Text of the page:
Philippians 4:11-13 (New International Version)
11I am not saying this because I am in need, for I have learned to be content whatever the circumstances. 12I know what it is to be in need, and I know what it is to have plenty. I have learned the secret of being content in any and every situation, whether well fed or hungry, whether living in plenty or in want. 13I can do everything through him who gives me strength.

Sunday, April 11, 2010

New Center

In this picture: John (left), Eric (middle), and Andy (right)

We had a great group of Lifeway volunteers here last week. Our team has rented a new building to be used for sewing classes, English classes, and Bible study. Here Eric is scrapping old wallpaper off the wall. They also bleached the walls to get the mold off. The new center should be ready by the end of this month.

If you want to read more about what the Lifeway volunteers did and experienced here, check out this awesome blog

Monday, April 5, 2010

Our last holiday in Macedonia

Here Olivia is wearing her beautiful Easter dress from Grams. I can't get her to smile when I'm taking pictures because she is looking very intently at the camera. :)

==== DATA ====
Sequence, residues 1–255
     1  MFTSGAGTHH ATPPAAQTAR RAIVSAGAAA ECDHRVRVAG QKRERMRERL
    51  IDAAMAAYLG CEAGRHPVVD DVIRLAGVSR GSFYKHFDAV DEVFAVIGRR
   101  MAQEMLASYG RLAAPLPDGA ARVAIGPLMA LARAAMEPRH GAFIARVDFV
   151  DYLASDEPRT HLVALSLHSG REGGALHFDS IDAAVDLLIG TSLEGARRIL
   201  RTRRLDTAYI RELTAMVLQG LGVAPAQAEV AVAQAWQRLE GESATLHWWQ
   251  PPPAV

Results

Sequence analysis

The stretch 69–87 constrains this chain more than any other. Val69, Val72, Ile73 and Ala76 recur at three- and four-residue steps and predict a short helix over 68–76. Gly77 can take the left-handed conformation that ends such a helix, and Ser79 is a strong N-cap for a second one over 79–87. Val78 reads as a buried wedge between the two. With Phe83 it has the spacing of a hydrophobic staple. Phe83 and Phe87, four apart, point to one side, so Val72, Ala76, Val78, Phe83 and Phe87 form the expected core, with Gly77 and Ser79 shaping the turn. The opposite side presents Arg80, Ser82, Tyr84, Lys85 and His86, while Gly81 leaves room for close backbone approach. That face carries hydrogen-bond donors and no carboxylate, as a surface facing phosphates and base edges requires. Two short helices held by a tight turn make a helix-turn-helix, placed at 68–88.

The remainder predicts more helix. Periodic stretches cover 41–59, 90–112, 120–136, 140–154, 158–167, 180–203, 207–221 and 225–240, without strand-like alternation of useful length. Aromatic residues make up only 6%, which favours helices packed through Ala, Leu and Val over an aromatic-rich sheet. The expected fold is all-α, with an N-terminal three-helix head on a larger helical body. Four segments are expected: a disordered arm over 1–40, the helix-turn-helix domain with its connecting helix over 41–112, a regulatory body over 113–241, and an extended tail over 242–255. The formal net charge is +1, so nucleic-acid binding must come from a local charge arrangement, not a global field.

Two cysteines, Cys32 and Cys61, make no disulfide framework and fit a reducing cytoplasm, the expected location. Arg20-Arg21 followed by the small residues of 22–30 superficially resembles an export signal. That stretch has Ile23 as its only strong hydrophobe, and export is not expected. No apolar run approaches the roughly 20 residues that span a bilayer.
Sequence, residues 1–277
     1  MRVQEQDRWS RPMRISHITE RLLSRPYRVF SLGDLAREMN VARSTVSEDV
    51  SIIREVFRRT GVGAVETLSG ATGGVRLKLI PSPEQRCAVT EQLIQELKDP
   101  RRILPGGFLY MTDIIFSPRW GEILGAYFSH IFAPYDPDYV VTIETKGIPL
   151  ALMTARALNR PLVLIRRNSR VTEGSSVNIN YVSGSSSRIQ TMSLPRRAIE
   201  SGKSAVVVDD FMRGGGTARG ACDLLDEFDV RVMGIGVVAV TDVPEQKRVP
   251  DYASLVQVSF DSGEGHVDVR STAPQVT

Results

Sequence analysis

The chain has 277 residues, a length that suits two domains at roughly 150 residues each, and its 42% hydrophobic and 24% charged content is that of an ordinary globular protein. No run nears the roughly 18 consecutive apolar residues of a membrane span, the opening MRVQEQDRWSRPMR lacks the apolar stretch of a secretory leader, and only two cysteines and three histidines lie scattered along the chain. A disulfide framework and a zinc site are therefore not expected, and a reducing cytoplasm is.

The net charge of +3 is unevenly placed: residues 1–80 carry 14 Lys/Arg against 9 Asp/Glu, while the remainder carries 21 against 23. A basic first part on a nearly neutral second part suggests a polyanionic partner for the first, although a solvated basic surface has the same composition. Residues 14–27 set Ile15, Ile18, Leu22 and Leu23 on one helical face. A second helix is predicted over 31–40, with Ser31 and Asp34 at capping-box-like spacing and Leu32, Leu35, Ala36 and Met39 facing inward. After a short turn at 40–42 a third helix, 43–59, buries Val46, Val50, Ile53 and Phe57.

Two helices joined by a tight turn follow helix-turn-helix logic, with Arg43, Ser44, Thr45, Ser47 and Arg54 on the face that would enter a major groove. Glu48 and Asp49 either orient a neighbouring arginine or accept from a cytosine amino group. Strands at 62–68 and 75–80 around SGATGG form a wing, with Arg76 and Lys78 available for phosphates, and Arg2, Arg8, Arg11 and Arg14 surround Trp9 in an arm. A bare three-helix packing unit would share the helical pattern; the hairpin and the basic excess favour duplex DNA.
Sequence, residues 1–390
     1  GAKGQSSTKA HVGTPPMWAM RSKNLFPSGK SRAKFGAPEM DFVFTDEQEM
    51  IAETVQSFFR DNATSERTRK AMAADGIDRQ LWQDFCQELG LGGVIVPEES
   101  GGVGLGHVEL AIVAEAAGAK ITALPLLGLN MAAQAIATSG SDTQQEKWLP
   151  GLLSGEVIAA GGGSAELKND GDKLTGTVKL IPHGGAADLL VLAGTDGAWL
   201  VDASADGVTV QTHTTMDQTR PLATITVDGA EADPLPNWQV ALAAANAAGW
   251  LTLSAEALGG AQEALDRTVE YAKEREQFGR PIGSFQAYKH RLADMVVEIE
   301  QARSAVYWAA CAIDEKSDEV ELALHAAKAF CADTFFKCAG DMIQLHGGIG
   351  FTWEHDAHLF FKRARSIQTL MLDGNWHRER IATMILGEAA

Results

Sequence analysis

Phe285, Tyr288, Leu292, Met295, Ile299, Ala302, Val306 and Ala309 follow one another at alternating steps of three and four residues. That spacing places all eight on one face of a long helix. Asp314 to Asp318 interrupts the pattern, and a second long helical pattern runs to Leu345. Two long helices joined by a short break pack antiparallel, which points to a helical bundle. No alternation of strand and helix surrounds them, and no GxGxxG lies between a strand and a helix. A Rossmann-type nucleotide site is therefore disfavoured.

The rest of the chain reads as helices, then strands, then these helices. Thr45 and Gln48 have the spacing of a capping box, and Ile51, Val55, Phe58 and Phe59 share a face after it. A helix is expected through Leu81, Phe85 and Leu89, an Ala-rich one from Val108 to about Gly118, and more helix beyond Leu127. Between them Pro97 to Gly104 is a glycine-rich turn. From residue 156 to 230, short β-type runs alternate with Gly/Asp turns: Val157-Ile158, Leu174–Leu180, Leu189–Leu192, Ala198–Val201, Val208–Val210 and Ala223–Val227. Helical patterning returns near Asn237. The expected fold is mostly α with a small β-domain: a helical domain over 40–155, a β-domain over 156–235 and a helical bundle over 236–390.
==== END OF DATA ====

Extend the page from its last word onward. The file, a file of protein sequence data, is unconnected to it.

Pepi gave Sawyer this chocolate Easter egg. There was a toy car inside!

Neighbors brought by red Easter eggs for the children. The red coloring stands for the blood of Jesus.

With only a little more than three weeks left for us in Macedonia, Easter was the last holiday that we will celebrate here. It was a very non-traditional Easter for us but it was still nice. We had a great Easter service with the Lifeway team that is here. The worship and teaching were led by our dear friend B. Afterwards, we ate sandwiches and chips with the team and then headed home for a picnic in the back yard with our landlords Evka and Blaze.

The custom of the Orthodox Macedonians is to go to the church the night before Easter. They walk around the church three times and then crack and eat eggs. That is what my neighbors were doing Saturday night.

This year, once again, our family continued our tradition of using the Resurrection Eggs with Sawyer. He absolutely loves them and we are just hoping that the truth of the gospel is sinking into his little heart.

Thursday, April 1, 2010


This song has touched my heart so deeply that I want to share it with all of you. Let's worship our Risen Savior and never forget His sacrifice.
Easter Blessings to you, Jill